Recently, retired British Army Major John Hamilton, who lives in the Wiltshire village of Sutton Veny in the south of England, celebrated his 100th birthday. He joined the service in 1939 and served with the 1st King’s Dragoon Guards, a cavalry regiment in World War II. A career soldier, he served for twenty-five years in places like Germany, Palestine, and Jordan as a tank instructor.
How did he celebrate his important milestone birthday? By adhering to his usual routine of visiting the local gym for a ninety-minute session, which he does every weekday morning at 8 o’clock. He has been a regular patron at the Harridges Health and Fitness Studio in Warminster for the past 12 years.
Hamilton was always the athletic type. When he was young, he participated in various types of competitive sports. Rugby, squash, polo, tennis, and cricket were all part of his life as he was growing up and this continued to be the case during his service years. Just five years ago, at the age of ninety-five, he broke the world record for a 1000m time trial in a rowing contest for those aged ninety-four to ninety-nine and has since decreased his time, which he puts down to moving on to heavier weights. He usually spends about twenty minutes on the exercise bike, another fifteen minutes on a treadmill, performs an impressive number of stomach crunches, lifts free weights and occasionally does the plank.
Hamilton credits his long lifespan to exercise and stated, “The key to a long life is exercising and going to the gym – it makes you physically well but is mentally stimulating too. If I didn’t go I think my last days would be long gone by now.” He used to smoke a pipe but has since given that up. The last time he went to the store to get some tobacco he lost it and believed that it was a sign. He claims his exercise routine has improved now that he can breathe better. He does, however, allow himself a glass of wine every other day.
Hamilton still lives on his own, an unusual feat for someone his age. He has no signs of arthritis, heart or respiratory problems. His bones are strong, and he visits the doctor only twice a year for a checkup. He has the reflexes and mental acuity of someone half his age. The retired Major still drives his own car, a Volkswagen, and recently had his license renewed.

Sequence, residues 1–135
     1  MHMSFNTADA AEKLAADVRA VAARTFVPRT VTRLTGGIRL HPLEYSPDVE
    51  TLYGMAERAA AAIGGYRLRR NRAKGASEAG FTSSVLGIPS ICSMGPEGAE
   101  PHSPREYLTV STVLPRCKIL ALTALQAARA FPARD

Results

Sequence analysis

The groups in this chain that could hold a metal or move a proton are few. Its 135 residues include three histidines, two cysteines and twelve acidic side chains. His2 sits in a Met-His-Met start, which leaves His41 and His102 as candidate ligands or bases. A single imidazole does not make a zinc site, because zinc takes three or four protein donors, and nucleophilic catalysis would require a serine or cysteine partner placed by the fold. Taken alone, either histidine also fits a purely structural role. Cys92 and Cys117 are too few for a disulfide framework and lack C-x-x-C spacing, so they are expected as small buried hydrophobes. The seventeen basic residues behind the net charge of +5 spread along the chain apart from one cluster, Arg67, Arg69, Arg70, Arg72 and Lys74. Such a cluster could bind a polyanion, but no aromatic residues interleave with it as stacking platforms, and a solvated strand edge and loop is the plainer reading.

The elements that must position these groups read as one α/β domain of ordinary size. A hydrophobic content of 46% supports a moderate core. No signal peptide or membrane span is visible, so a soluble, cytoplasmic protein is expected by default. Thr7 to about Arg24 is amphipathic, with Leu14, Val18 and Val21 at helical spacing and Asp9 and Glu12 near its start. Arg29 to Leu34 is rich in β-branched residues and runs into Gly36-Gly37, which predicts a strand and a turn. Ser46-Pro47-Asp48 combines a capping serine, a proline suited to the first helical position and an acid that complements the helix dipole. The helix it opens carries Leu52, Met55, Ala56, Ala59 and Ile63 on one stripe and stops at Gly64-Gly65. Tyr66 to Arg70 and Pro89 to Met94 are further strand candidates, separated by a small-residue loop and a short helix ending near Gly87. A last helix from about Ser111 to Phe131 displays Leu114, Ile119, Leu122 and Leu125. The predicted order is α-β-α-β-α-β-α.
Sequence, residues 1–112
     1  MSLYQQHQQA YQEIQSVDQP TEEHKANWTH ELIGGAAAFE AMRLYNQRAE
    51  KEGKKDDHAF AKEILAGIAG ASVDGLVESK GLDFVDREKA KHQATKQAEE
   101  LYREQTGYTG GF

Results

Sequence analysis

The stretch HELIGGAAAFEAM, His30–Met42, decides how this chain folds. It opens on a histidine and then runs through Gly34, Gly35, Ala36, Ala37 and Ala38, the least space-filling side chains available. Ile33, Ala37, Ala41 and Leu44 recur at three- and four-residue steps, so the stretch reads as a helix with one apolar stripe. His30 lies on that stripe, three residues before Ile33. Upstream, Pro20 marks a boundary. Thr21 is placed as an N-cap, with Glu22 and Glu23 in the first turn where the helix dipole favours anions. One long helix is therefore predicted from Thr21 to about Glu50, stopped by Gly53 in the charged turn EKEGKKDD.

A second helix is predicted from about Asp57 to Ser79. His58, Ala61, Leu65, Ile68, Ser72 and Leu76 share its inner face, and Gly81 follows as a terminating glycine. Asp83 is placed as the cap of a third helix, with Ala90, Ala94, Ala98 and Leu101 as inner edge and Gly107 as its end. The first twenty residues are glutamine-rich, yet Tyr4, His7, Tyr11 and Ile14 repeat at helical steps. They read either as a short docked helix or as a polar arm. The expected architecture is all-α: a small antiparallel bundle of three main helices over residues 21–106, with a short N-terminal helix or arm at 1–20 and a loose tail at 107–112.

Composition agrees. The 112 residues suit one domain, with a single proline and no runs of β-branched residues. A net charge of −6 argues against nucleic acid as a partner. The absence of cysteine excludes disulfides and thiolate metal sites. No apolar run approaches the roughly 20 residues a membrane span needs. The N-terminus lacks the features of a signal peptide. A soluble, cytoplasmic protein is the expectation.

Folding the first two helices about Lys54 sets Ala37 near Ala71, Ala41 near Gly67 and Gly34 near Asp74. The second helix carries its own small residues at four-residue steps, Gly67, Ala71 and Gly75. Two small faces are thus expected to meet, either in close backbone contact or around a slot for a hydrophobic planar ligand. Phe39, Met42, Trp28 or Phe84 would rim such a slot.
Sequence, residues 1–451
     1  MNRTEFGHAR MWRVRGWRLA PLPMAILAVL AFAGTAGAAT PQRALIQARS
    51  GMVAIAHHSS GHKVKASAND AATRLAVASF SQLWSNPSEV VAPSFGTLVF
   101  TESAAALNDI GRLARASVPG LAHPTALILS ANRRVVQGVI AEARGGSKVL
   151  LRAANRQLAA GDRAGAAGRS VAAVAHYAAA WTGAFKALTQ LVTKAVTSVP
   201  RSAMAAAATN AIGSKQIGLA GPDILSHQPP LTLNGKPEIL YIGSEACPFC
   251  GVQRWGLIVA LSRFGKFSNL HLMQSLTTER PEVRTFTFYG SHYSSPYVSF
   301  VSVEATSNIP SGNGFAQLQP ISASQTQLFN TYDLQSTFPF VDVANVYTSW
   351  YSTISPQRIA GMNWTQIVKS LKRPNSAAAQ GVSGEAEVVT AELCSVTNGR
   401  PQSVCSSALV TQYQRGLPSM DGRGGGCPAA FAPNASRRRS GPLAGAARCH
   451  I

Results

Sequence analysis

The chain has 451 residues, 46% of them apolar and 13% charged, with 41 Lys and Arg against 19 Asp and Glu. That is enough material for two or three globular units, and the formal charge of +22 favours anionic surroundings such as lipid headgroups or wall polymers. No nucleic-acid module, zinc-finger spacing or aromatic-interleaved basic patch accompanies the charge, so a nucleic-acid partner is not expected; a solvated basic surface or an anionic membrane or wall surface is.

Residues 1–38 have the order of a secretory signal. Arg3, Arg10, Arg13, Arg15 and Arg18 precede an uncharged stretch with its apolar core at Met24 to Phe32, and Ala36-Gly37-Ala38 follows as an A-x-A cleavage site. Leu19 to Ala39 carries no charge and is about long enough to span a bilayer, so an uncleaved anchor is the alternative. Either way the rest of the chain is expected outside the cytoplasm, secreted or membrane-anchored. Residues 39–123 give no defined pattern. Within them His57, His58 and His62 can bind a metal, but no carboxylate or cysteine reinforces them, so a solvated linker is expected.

The one problem of living such a long life is that Hamilton has outlived most of his friends. Elsa, his wife of sixty-seven years passed away in 2006, and in 2013, his best friend of eighty years passed away at the age of ninety-seven. He and Elsa met in 1939 in Hyde Park during a rainstorm. They courted for three years before marrying and became the parents of three children, grandparents of eight children and great-grandparents of ten children. While he always misses his wife and friend, long walks in the country and time spent with his family makes things better.
Hamilton, who cut quite a dashing figure in his youth, appears to be no more than seventy years old physically and believes he may live another ten years. “I feel so fit and healthy like I could live on for another ten years or more. Someone asked me if I would quit going to the gym when I’m 100 and the answer is no. I feel good but it’s confusing – I’m so full of life and almost waiting for something to go wrong.”
It’s amazing to think that during his lifetime he has seen telephones go from a huge clunky box on the wall to handheld cell phones, television from a small black and white screen to the sixty-inch high definition flat screens of today and cars evolving from the Model T type to cars that drive themselves. In his lifetime he went from using protractors and long division to solve math problems to the lightning-quick computers of today. While he is waiting for the catch regarding his long and fruitful life, John Hamilton continues to keep himself fit and healthy, and hopefully, he will live another ten years or more.